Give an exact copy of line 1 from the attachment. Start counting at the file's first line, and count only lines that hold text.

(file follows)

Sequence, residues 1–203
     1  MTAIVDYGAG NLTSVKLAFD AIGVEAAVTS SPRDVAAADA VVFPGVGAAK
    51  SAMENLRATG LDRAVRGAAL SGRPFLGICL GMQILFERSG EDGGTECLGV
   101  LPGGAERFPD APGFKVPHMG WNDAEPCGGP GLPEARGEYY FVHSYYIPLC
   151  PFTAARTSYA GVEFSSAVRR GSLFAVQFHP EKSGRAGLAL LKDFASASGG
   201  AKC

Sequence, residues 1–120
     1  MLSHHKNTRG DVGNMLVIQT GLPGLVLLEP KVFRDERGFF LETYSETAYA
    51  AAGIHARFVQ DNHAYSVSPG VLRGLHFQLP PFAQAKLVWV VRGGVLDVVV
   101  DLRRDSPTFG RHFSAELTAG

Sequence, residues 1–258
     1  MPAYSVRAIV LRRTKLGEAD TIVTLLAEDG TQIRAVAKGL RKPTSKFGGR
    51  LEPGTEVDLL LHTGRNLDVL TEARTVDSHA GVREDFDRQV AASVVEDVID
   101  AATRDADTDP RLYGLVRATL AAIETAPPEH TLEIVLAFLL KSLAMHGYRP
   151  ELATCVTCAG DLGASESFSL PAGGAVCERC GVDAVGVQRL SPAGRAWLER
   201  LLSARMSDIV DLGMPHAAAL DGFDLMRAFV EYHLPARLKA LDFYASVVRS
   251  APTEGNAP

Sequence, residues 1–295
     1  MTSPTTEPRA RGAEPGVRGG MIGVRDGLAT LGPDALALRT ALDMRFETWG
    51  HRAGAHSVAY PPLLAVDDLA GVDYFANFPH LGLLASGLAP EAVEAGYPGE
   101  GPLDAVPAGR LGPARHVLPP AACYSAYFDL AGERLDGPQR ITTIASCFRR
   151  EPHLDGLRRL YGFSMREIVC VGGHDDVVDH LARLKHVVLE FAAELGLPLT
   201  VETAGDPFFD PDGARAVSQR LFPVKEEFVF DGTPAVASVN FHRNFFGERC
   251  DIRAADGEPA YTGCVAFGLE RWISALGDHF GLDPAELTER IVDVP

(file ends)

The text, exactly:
Sequence, residues 1–203